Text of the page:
“It’s hard to estimate how long this problem might have taken without the psychedelic agent,” reported one scientist who took part in the trial. “But it was the type of problem that might have never been solved. It would have taken a great deal of effort and racking of brains to arrive at what seemed to come more easily during the session.”
Tangible innovations to emerge shortly after the psychedelic experience include a mathematical theorem for NOR gate circuits; a new design for a vibratory microtome; a space probe experiment to measure solar properties; a technical improvement to the magnetic recorder; a new conceptual model of a photon; and a linear electron accelerator beam-steering device.
Research came to a standstill as the US government classified psychedelic drugs as Schedule 1 substances, the most tightly controlled. Nixon’s subsequent war on drugs whipped up moral outrage among the socially conservative. This stigmatised psychedelics, causing funding for research to dry up, leading to a 40-year interruption to scientific advancement in the field.
“This is the worst censorship of science in the history of the world… since the dark ages. It’s worse than the Catholic Church banning the telescope in 1616,” says David Nutt, who is widely known in the UK for being sacked from his role as the government’s chief drug advisor in 2009, after claiming ecstasy was safer than horse riding.
It wasn’t until the early 2000s that a few researchers tentatively rekindled the scientific study of psychedelics. Now the work that was terminated in the 1960s is being replicated or furthered by institutes including Johns Hopkins, NYU, UCLA and Imperial College London. So far there have been positive results for treating nicotine addiction, alcoholism, depression and end-of-life anxiety. Even so, the studies aren’t funded by traditional institutions, but by non-profits.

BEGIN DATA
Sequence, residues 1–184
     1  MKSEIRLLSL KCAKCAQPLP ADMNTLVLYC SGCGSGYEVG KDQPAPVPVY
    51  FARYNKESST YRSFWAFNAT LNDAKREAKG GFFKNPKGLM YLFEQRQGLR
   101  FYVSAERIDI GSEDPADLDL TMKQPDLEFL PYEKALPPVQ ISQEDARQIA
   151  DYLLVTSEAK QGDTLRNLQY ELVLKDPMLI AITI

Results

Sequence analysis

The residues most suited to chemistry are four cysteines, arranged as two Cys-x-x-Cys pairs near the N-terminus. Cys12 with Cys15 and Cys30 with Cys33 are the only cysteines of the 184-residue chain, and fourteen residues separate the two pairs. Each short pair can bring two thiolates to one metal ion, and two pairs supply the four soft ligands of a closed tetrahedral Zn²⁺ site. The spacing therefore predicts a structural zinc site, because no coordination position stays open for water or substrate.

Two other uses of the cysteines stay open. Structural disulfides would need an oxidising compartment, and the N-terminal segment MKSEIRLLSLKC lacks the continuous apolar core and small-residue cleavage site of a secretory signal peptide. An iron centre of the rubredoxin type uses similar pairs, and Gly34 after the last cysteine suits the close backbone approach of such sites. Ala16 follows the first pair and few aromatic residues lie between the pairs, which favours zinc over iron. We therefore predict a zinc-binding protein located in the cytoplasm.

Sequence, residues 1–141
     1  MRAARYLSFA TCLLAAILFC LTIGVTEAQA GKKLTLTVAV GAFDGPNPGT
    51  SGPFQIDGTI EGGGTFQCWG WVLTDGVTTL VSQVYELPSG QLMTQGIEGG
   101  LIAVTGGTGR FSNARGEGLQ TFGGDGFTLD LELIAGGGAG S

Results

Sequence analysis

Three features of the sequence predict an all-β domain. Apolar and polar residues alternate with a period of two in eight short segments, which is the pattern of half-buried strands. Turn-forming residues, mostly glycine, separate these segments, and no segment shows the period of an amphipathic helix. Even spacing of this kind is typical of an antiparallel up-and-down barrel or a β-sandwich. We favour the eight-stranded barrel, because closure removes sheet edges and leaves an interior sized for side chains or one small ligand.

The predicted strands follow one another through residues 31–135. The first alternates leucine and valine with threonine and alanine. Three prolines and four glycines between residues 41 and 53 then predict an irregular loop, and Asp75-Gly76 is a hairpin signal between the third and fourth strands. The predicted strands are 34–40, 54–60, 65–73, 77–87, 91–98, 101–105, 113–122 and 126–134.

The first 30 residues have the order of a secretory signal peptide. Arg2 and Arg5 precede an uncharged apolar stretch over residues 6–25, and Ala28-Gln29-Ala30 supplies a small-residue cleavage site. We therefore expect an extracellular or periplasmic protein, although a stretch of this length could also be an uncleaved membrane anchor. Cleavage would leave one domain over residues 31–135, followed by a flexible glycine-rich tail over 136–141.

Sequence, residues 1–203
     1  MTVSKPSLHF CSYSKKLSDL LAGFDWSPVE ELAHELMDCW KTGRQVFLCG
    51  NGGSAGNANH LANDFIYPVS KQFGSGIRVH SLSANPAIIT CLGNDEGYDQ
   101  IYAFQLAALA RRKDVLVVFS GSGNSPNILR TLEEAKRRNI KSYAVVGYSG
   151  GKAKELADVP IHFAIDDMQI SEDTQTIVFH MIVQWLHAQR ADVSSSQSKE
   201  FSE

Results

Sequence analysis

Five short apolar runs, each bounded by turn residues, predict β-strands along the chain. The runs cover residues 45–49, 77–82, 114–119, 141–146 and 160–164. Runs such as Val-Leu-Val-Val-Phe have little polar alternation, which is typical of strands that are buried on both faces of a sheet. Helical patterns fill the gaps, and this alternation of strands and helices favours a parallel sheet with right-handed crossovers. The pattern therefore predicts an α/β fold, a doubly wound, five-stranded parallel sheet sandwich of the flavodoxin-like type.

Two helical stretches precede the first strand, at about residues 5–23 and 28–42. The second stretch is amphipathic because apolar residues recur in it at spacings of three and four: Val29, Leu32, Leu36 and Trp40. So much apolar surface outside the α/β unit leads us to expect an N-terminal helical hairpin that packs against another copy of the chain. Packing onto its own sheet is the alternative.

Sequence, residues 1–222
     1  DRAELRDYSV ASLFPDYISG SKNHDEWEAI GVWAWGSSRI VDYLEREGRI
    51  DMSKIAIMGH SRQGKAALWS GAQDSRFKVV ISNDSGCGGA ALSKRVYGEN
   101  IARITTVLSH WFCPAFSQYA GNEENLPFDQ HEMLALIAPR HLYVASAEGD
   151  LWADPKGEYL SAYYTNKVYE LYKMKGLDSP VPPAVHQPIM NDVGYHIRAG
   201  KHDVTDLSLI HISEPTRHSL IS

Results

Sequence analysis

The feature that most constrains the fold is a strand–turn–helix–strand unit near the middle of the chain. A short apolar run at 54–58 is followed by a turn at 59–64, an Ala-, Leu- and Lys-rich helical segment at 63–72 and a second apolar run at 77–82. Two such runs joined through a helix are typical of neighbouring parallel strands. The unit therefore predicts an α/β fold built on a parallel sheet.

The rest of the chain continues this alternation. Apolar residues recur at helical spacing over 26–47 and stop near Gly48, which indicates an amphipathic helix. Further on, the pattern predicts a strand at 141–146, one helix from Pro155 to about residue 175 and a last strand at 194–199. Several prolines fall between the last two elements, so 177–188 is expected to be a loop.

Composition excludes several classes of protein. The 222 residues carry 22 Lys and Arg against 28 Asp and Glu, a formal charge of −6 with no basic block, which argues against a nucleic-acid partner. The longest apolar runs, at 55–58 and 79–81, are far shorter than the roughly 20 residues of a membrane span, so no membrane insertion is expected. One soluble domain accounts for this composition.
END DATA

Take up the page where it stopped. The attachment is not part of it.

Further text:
“Most funders aren’t interested. When the drugs are illegal, there are so many more hoops to jump through. It takes so much more time and puts the price of research up ten-fold,” says Nutt, who turned to crowdfunding and charities to finance his research into psychedelic drugs and the brain.
And whereas it’s hard enough to drum up resources to research psychedelics, it’s nigh on impossible to fund studies into “microdosing”, which stands to benefit mainly over-achieving types seeking a career boost.
“It’s not a ‘condition’ that’s crying out for a solution,” Nichols says.
Furthermore, the logistics of researching microdoses are more challenging. With full-dose experiments, human participants are kept in a controlled environment with access to medical professionals and a sitter who stays with them at all times. A study on microdosing would involve, in theory, administering a Schedule 1 drug to volunteers before sending them home – a tough challenge for risk-averse institutional review boards.
Fadiman says he is consulting on two studies involving microdosing psychedelics – one in Australia and one in Europe.
Compounding the issue is the fact that LSD was discovered so long ago that it’s off-patent. If it were to be commercialised today, it would be a less profitable, generic drug.
“A pharma company needs to figure out how to make an obscene profit – that’s what gets their attention. The problem is that these drugs are not addicting and you don’t need to take them very often,” Fadiman says.
In the meantime, psychonauts like Lily, Daniel, Alex, Blake and Joseph plan to continue their quest for personal development by taking tiny doses of mushrooms or acid for breakfast, despite the fact that they remain illegal.
“If I learned it was dangerous, which I don’t think the evidence right now shows, I would stop,” says Joseph.
Blake agrees: “If there was research showing negative long-term side effects for the brain, I wouldn’t do it. But until then it will be something I’ll continue. I can’t see the novelty wearing off.”
Source: Would you take LSD to give you a boost at work? WIRED takes a trip inside the world of microdosing